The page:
The last of Mozart’s piano sonatas, K. 570 and 576, were written in 1789, two years before his death at the age of 35. Haydn’s piano sonatas 61 and 62 were composed in 1794, in London, at the height of Haydn’s celebrity and entrepreneurial independence. Haydn was 62, and would live another fifteen years. Beethoven’s first piano sonata appeared in 1795 and his 23rd, the Appassionata, in 1805, the year of Haydn’s death. Beethoven’s last piano sonata, the 32nd in C minor, was composed in 1822, five years before his death at the age of 56. Schubert’s final group of three great sonatas was composed in 1828, the last year of his life, and the year after Beethoven’s death. He was 31.
The piano sonata was not a form that Mozart pursued with any recurrent interest. His last two sonatas, K. 570 and K. 576, were composed after an eleven years’ silence in the form. This is also the year of the masterful clarinet quintet in A, K. 581, one of Mozart’s most nearly perfect compositions, completed in September and premiered in December. Between the two dates his daughter, Anna, is born and dies on the same day in November. Moreover, his wife Constanze has been ill a part of the year, and monetary needs outstrip his income.
The 17th piano sonata, K. 570, in B flat major, has three movements. The movements are allegro, adagio, and allegretto, with the slow movement taking up half the length of the piece. The Swiss musicologist and biographer Eric Blom, in his book Mozart (1935) believed that K. 570, although not much of account, presages what Mozart, had he lived longer, might have made of the form; and, in this regard, it warrants study and attention, even though it may not achieve endearment.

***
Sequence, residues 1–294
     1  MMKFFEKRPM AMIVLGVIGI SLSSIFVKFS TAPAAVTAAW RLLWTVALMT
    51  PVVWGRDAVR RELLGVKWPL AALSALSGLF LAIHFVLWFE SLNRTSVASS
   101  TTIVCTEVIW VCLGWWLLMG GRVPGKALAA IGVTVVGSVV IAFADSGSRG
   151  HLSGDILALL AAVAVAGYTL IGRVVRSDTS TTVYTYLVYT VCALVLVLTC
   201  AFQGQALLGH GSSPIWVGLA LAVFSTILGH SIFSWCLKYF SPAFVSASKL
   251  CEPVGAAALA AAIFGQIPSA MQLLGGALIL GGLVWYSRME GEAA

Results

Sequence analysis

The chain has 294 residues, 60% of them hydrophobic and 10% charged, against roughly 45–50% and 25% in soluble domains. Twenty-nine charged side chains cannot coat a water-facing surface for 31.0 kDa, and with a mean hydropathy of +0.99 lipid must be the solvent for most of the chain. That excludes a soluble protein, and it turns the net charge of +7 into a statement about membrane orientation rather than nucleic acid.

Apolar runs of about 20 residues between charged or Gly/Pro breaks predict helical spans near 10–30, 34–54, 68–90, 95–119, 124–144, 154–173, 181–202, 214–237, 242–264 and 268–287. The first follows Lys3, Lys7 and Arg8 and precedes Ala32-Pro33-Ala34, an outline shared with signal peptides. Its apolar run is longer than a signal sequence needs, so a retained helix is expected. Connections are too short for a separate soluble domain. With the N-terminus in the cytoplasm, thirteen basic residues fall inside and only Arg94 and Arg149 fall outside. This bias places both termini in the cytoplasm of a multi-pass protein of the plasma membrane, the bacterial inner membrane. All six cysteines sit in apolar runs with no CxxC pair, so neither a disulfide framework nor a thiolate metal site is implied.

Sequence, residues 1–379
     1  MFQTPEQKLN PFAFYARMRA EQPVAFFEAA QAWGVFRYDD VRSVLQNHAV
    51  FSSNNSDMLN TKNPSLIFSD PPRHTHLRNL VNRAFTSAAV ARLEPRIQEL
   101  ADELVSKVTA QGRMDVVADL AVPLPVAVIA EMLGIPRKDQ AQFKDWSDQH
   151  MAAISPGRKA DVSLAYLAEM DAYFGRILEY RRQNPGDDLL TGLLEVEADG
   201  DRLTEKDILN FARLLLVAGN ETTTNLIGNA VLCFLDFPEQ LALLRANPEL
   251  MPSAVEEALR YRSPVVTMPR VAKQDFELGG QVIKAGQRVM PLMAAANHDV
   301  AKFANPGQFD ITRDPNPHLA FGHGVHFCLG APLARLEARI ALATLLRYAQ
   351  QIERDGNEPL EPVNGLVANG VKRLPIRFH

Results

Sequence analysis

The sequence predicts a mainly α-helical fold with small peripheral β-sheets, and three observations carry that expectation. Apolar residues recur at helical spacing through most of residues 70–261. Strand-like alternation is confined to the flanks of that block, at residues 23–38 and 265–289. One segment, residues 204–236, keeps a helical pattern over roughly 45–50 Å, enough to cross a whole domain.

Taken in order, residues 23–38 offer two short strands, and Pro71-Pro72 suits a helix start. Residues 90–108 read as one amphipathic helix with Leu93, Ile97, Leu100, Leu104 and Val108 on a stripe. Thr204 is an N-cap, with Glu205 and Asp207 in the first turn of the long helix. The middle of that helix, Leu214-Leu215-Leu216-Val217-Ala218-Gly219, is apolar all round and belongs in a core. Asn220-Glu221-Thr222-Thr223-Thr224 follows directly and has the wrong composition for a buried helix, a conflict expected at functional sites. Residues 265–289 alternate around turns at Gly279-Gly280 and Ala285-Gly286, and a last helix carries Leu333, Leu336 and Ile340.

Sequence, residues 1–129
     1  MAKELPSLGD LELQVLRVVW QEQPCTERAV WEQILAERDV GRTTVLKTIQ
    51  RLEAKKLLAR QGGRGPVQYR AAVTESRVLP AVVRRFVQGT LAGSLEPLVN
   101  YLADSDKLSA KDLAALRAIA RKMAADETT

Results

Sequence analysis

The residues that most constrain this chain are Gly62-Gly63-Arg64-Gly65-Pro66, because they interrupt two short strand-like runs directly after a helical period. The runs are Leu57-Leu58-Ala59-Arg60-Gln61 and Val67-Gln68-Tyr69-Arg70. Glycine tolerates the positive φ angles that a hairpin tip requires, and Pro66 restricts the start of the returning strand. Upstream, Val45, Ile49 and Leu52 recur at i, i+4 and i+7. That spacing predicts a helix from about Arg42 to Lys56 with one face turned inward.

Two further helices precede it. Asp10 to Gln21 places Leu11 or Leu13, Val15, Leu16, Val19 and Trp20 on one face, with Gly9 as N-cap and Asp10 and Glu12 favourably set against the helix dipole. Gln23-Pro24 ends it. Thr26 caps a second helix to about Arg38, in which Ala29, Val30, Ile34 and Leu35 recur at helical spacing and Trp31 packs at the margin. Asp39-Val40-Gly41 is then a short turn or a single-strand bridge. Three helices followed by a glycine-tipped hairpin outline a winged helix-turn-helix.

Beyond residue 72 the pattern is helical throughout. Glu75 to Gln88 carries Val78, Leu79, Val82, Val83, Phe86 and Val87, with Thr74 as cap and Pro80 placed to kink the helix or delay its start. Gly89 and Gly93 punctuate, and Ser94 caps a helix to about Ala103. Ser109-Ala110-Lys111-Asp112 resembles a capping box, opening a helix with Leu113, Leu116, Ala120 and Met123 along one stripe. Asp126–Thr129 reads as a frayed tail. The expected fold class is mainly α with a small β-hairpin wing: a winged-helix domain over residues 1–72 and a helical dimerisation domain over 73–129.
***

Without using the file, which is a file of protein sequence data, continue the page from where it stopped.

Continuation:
The English musicologist and musical scholar Arthur Hutchings, in his essay, in the collection The Mozart Companion (1956), argues that K. 570 “may serve as a test for connoisseurs … [for] it has the perfect workmanship of those fine and happy movements in quartets and quintets which are less memorable than the pathetic ones because we tend to be more impressed by art that is emotionally disturbing than by art that is simply sunny or athletic …. It is therefore one of the sonatas concerning which one often hears a pianist speak with enthusiasm after ‘rediscovering’ it.”
The 18th piano sonata, K. 576, in D, has three movements of approximately equal length: also allegro, adagio, allegretto. K. 576, writes Blom, evidences the “easy application of polyphony that distinguishes much of Mozart’s late music without ever imparting to it the least touch of pedantry…” The finale of the symphony in C, K. 551, written the preceding August of 1788, easily validates this observation.
The late American pianist, writer, and French scholar, Charles Rosen, in his Music and Sentiment, observes that, like in opening movement of the symphony in C, K. 551, Mozart in K. 576 employs “exactly the same device … [of] beginning with a theme with two opposing motifs … [and when the theme is repeated,] an obbligato is added in the soprano that unites the two motifs and removes the opposition of sentiment. Both the brilliance and the conventionality are essential to the conception, and the increased intensity that they impose both contributes to the articulation of the form and is responsible for the clarity.”